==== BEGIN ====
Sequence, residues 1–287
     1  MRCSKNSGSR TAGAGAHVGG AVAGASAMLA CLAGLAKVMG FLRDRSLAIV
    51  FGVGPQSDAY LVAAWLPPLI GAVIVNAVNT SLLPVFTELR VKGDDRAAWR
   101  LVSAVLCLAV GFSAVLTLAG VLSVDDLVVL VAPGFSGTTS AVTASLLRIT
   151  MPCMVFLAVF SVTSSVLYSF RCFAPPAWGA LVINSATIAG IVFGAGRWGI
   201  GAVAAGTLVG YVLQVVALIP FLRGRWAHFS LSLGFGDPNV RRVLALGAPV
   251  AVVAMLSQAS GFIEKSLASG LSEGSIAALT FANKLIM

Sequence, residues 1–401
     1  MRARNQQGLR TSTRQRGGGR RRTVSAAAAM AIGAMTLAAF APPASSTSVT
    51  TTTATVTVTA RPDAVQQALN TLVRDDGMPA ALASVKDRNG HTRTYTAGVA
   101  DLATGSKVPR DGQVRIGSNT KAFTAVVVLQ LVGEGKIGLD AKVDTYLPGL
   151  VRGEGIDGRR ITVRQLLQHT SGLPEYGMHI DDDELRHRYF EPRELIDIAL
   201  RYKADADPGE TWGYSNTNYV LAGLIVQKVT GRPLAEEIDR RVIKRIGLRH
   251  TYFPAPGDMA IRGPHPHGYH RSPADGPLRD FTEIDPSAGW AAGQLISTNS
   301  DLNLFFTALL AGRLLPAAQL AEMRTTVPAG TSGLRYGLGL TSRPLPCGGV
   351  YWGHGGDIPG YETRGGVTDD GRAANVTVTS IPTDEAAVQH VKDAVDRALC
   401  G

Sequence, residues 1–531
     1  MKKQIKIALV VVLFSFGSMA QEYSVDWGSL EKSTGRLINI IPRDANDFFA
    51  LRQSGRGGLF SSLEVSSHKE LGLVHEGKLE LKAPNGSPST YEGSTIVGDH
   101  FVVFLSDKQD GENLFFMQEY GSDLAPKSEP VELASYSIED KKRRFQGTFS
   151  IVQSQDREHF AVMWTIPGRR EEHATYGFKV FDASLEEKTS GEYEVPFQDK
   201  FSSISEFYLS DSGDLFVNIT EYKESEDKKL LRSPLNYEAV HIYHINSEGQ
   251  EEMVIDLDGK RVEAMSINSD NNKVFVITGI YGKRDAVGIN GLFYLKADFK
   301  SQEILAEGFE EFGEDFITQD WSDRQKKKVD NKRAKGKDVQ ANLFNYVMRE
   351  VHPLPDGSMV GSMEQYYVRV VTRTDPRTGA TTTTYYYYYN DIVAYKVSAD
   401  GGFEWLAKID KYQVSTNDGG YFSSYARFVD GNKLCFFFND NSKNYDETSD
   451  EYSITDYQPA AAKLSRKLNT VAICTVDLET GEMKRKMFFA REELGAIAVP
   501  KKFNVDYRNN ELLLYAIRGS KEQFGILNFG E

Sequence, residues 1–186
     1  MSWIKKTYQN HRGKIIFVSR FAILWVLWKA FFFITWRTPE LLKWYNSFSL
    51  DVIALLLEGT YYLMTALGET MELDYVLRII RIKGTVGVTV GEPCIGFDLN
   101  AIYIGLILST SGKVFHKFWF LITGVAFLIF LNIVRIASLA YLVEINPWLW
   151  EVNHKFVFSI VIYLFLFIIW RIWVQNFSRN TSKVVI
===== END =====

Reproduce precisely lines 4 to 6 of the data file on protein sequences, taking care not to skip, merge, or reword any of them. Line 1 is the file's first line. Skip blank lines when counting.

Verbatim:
   101  LVSAVLCLAV GFSAVLTLAG VLSVDDLVVL VAPGFSGTTS AVTASLLRIT
   151  MPCMVFLAVF SVTSSVLYSF RCFAPPAWGA LVINSATIAG IVFGAGRWGI
   201  GAVAAGTLVG YVLQVVALIP FLRGRWAHFS LSLGFGDPNV RRVLALGAPV